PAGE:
Sometimes the swaying peepul god also causes the bell to toll, as if he knows that someone is waiting below. On such occasions she always finds a sadhu or a beggar waiting below. The swaying rope breaks into a dance, on such occasions, as if glorying in the knowledge that the tree god has chosen him as messenger. Saturday is the day the black pandit comes with his oil-filled begging bowl. Every week, they hear his call, the bowl slowly rises up and then they — mother, son and daughter — put their alms into the bowl after looking at their reflections in the oil. Should I bring it down? The Saturday deity shouts from below. No, not now. She puts her money at the end. When she peers into the oil, she sees the Queen of Chittor in it, looking down from the golden ramparts of the fort, smiling into the coin-filled pit. Going down with it… does the Saturday deity take people’s reflections with him and when he comes back a week later, people see other faces in the oil?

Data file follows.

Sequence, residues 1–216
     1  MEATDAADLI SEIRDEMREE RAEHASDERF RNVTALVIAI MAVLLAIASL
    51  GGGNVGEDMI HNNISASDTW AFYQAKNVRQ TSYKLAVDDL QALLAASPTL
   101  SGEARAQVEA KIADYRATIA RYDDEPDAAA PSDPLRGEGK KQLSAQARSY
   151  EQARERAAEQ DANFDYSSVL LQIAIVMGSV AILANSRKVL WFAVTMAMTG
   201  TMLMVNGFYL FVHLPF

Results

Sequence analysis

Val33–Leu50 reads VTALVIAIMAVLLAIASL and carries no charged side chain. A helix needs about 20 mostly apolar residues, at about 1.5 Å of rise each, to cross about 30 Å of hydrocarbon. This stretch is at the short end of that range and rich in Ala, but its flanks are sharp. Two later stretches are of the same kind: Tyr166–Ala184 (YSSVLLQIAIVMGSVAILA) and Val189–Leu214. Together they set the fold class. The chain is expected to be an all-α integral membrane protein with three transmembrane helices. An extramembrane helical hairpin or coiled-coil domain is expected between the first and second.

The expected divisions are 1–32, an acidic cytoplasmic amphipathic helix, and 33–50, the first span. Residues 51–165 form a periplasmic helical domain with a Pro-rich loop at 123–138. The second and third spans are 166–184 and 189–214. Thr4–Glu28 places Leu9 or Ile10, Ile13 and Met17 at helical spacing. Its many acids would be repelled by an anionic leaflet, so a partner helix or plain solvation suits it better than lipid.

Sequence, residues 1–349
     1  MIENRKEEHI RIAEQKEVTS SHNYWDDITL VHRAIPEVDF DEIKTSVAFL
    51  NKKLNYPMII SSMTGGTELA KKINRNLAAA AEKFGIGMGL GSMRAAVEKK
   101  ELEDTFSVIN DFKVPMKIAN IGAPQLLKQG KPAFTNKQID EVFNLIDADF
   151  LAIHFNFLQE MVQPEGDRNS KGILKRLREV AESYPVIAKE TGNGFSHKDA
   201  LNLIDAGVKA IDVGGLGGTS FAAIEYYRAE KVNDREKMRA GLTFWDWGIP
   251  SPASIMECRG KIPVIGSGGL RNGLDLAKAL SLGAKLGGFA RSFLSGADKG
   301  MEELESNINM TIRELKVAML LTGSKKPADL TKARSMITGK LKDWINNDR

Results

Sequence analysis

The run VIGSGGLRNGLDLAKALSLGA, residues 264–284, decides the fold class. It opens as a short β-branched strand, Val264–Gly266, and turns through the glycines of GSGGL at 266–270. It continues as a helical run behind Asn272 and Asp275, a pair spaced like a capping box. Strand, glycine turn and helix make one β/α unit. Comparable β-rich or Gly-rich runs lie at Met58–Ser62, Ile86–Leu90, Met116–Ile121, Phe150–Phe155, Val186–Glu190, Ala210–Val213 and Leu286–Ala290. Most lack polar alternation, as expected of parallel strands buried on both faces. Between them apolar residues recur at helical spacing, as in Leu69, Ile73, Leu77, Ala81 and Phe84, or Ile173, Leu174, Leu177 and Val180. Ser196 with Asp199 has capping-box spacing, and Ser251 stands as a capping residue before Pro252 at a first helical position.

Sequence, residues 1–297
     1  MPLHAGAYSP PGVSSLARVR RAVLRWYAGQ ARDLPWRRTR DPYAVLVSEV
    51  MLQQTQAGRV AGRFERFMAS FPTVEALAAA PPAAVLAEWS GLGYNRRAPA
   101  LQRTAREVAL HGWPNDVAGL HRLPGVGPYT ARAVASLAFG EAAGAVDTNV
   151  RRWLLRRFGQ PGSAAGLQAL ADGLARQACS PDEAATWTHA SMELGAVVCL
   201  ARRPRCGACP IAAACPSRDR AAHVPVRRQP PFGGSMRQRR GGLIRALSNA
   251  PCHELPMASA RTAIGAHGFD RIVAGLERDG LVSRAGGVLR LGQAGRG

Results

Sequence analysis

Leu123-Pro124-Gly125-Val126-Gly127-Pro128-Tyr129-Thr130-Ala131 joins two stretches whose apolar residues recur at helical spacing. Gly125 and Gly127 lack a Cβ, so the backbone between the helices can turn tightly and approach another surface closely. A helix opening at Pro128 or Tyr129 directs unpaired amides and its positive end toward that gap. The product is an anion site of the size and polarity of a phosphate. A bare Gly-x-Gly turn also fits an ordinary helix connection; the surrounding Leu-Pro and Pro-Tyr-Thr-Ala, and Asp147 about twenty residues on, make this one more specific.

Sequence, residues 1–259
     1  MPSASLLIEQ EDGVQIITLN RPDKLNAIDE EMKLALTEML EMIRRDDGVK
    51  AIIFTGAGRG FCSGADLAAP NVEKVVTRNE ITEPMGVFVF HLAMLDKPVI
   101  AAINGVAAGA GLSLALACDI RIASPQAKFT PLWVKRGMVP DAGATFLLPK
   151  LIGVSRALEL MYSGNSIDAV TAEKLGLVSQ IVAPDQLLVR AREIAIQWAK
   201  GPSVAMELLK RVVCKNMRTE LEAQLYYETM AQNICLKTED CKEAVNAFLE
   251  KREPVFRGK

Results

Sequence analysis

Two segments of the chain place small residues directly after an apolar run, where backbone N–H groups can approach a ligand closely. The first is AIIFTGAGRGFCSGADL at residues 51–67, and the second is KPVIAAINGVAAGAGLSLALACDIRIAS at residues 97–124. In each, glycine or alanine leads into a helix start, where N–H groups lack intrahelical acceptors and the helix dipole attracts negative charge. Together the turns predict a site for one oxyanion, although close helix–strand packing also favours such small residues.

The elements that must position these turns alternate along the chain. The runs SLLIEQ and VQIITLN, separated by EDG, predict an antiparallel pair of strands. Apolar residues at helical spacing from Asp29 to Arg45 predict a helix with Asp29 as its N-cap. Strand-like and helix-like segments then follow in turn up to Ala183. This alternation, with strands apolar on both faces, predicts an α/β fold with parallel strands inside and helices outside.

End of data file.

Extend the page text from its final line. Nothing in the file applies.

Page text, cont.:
Other faces? Then, suddenly she remembers the other deities, the shadows of Saturday night. They don’t come with oil bowls but with black sacks on their backs. They don’t come to collect faces but the scattered treasures of the lane. There is no nightly treasure that escapes their sharp, scavenging eyes… plastic milk bags, old newspapers, tattered clothes, scraps of cloth from the tailor master’s shop… The lane is their hunting ground. They are followed by barking and yelping street dogs, who fearfully lunge at these alien marauders as if they are evil ghosts from another planet. Ghosts that are beyond the reach of their teeth and paws. They not only frighten the dogs but also the frail things that inhabit the lane. Lottery tickets scamper off at their footfalls, leaves begin to fly, ends of cigarettes and beedis also run for cover — only the old street cat isn’t afraid of them, she sits perched on the water tank and stares at them defiantly with her luminescent eyes.